Safe Driving in the Self-Driving Enterprise

Contributed by Dr. Kirk Borne

The explosion of interest in Artificial Intelligence (AI), Machine Learning (ML), and Machine Intelligence (MI) has triggered the design and development of all sorts of autonomous systems, including digital marketing & ad campaigns, self-driving cars, drones, self-healing (autonomic) systems, autonomous manufacturing, deep space exploration probes, and more. In all of these systems, safety and risk mitigation are paramount. We present here a model for “safe driving” in these autonomous systems.

So, what is an autonomous system? A report on “Autonomous Manufacturing” offers these definitions and features:

  • Autonomous systems have the ability to learn, adapt and take decisions.
  • Autonomous systems are those that can gain information about their environment, adapt and make decisions without the need for human intervention. Such systems can lead to decisions being made that reduce waste and risk while increasing productivity and repeatability.
  • Autonomous can refer to the control of a particular task or process, or an entire system.
  • Autonomous systems have the capacity to replace, augment or complement human activity. They have the potential to work collaboratively with humans, machines or other autonomous systems and significantly advance both physical and intelligent capabilities.
  • An autonomous system includes the hardware, software, sensors and communication technology that support the reasoning, planning and decision making required to achieve strategic self-directed goals.
  • Features of an autonomous system include: collaborative, learning, decision-making, sensing, and sensor integration (i.e., data fusion).

We apply these concepts to a broader set of autonomous systems, borrowing liberally from the concept of a self-driving car: the self-driving organization, self-driving enterprise, and self-driving city (e.g., Smart Cities). We specifically examine five defining characteristics of the self-driving enterprise, their analytics implications, and their related organizational positioning. We then conclude with five rules for “safe driving”.

Before we examine safe driving in the self-driving enterprise, we look at a few more important characteristics of a self-driving (autonomous) system:

  • Secure – the hardware, software, communications, and data streams in an operational autonomous system must be secured and protected from intrusion, tampering, theft, or other forms of hijacking.
  • Compliant – the system must comply with all governing rules and regulations, as well as follow ethical principles of action, inaction, data collection, data use, and data dissemination.
  • Stateful – the system must keep track of its state of interaction, to learn from prior actions, as well as to sustain and to improve on the safety, efficiency (speed to decision), and effectiveness (accuracy of decision) of its autonomous operations. (Note: The opposite of Stateful is Stateless. Stateless means there is no record of previous interactions and each interaction request must be handled based entirely on any information that comes with the request.)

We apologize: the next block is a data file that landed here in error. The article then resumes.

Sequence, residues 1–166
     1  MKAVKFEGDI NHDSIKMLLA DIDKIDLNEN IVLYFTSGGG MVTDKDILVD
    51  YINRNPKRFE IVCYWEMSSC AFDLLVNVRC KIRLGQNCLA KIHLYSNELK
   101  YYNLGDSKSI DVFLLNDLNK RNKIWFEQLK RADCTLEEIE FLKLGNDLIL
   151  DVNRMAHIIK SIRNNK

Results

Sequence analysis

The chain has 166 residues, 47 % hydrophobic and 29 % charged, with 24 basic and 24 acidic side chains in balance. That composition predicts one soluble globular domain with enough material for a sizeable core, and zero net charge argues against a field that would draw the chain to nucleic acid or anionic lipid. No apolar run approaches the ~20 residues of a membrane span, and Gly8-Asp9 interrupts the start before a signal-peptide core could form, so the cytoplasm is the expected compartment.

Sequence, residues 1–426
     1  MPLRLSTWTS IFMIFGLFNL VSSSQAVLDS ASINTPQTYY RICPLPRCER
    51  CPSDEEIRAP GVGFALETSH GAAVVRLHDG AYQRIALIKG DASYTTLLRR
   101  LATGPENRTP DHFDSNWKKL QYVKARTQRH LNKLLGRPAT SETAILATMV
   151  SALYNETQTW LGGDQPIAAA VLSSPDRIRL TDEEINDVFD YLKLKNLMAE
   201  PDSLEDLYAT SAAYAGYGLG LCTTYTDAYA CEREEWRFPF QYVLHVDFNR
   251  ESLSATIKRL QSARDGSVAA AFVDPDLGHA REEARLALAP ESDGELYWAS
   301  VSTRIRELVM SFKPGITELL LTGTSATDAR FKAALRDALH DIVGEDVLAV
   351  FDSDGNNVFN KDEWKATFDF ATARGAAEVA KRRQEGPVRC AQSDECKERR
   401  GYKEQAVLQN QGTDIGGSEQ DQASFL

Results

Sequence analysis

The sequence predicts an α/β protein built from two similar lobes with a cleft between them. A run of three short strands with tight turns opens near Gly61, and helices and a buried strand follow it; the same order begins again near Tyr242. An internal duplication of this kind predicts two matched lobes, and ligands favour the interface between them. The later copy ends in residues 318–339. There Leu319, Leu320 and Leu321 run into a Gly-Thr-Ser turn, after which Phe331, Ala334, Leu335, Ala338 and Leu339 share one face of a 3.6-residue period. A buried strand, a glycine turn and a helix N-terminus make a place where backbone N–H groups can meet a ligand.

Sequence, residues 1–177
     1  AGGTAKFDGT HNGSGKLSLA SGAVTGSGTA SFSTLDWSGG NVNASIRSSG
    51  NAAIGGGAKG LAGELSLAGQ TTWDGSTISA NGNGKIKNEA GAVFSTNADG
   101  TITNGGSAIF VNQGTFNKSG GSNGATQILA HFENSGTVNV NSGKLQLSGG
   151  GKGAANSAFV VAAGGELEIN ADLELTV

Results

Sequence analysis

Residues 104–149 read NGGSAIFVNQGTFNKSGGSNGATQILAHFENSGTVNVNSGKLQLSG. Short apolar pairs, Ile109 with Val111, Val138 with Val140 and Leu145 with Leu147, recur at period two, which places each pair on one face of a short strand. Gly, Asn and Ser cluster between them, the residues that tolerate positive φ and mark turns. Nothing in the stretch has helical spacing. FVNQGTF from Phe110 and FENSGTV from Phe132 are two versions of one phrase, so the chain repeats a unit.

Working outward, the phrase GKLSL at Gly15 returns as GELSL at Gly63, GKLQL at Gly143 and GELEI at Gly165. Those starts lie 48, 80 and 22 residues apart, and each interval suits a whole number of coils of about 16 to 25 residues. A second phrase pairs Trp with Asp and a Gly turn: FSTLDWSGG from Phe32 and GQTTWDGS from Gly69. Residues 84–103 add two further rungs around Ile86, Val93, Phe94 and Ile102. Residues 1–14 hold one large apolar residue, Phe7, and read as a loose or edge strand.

• Embedded – the system is typically not stand-alone, but it must operate within a larger environment or under a wider set of exogenous constraints (including business goals and strategies that are not necessarily part of the operational components of the system, but are part of a greater purpose). Typically a specific autonomous system may be embedded in an environment with related systems (e.g., a self-driving car is an autonomous system, but must operate in an environment with other vehicles, not all of which are autonomous).

The five defining characteristics of the self-driving enterprise (including self-driving cars) are:

  1. Sensing, Streaming – receiving signals (inputs) from numerous sensors, with data continuously flowing from those sensors.
  2. Responsive – takes action in response to the input signals.
  3. Learning, Agile – builds knowledge (because it is a Stateful system) from past, present, and observed actions (the latter may come from other systems in the embedded environment) in order to see what’s coming and to take appropriate action in a timely manner (i.e., in online real-time mode, not in off-line batch mode).
  4. Contextual, Optimizing – takes into account additional (external) data sources about the context of its actions in order to build insights about optimal decision-making. Ubiquitous sensors in the Internet of Things (IoT) can provide a rich source of contextual information and insights.
  5. Deciding, Acting – uses all inputs (the 360 view of the situation) to build understanding of the environment in order to make a decision and take an action, with minimal risk and optimal outcomes (consistent with embedded business rules and appropriate decision logic).

Each of these five characteristics is associated with one of the five different levels of analytics maturity in the self-driving (autonomous) enterprise:

  1. Sensing, Streaming – Descriptive Analytics: observes, records, and keeps track of what events have been happening (hindsight).
  2. Responsive – Diagnostic Analytics: takes action based upon events that are currently happening in real-time (oversight).
  3. Learning, Agile – Predictive Analytics: goes beyond simple “reporting” of past events or reacting to present events, to predicting what is likely to occur next, based upon those past and current events – i.e., training data (foresight).